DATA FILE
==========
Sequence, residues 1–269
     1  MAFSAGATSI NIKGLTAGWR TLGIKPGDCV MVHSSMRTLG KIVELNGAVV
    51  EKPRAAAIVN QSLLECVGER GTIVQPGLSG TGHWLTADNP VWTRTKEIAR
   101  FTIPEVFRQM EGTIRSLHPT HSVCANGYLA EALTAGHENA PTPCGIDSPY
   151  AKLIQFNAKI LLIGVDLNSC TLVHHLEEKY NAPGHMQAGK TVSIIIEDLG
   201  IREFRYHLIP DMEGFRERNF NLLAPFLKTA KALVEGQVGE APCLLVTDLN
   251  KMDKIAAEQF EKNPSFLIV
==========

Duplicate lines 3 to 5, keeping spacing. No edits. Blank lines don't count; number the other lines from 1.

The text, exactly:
    51  EKPRAAAIVN QSLLECVGER GTIVQPGLSG TGHWLTADNP VWTRTKEIAR
   101  FTIPEVFRQM EGTIRSLHPT HSVCANGYLA EALTAGHENA PTPCGIDSPY
   151  AKLIQFNAKI LLIGVDLNSC TLVHHLEEKY NAPGHMQAGK TVSIIIEDLG